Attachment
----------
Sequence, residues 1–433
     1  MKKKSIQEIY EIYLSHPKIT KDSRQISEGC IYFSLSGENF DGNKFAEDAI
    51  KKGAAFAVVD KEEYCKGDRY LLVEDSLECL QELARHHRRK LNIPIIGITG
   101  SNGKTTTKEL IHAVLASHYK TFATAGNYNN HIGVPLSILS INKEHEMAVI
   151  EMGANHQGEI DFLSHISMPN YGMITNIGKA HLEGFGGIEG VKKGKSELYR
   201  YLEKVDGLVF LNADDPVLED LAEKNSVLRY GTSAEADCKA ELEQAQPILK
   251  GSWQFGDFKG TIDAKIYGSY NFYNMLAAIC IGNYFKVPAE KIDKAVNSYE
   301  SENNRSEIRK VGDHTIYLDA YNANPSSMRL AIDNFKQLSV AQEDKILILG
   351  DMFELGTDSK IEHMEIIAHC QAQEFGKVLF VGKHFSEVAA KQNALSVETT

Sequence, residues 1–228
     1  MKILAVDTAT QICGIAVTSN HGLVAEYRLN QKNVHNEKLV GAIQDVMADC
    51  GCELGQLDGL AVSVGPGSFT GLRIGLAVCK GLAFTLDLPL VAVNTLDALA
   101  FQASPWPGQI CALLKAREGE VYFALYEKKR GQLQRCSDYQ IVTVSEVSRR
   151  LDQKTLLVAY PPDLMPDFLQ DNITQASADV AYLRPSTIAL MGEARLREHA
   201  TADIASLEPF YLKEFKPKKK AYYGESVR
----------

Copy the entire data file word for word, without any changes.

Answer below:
Sequence, residues 1–433
     1  MKKKSIQEIY EIYLSHPKIT KDSRQISEGC IYFSLSGENF DGNKFAEDAI
    51  KKGAAFAVVD KEEYCKGDRY LLVEDSLECL QELARHHRRK LNIPIIGITG
   101  SNGKTTTKEL IHAVLASHYK TFATAGNYNN HIGVPLSILS INKEHEMAVI
   151  EMGANHQGEI DFLSHISMPN YGMITNIGKA HLEGFGGIEG VKKGKSELYR
   201  YLEKVDGLVF LNADDPVLED LAEKNSVLRY GTSAEADCKA ELEQAQPILK
   251  GSWQFGDFKG TIDAKIYGSY NFYNMLAAIC IGNYFKVPAE KIDKAVNSYE
   301  SENNRSEIRK VGDHTIYLDA YNANPSSMRL AIDNFKQLSV AQEDKILILG
   351  DMFELGTDSK IEHMEIIAHC QAQEFGKVLF VGKHFSEVAA KQNALSVETT

Sequence, residues 1–228
     1  MKILAVDTAT QICGIAVTSN HGLVAEYRLN QKNVHNEKLV GAIQDVMADC
    51  GCELGQLDGL AVSVGPGSFT GLRIGLAVCK GLAFTLDLPL VAVNTLDALA
   101  FQASPWPGQI CALLKAREGE VYFALYEKKR GQLQRCSDYQ IVTVSEVSRR
   151  LDQKTLLVAY PPDLMPDFLQ DNITQASADV AYLRPSTIAL MGEARLREHA
   201  TADIASLEPF YLKEFKPKKK AYYGESVR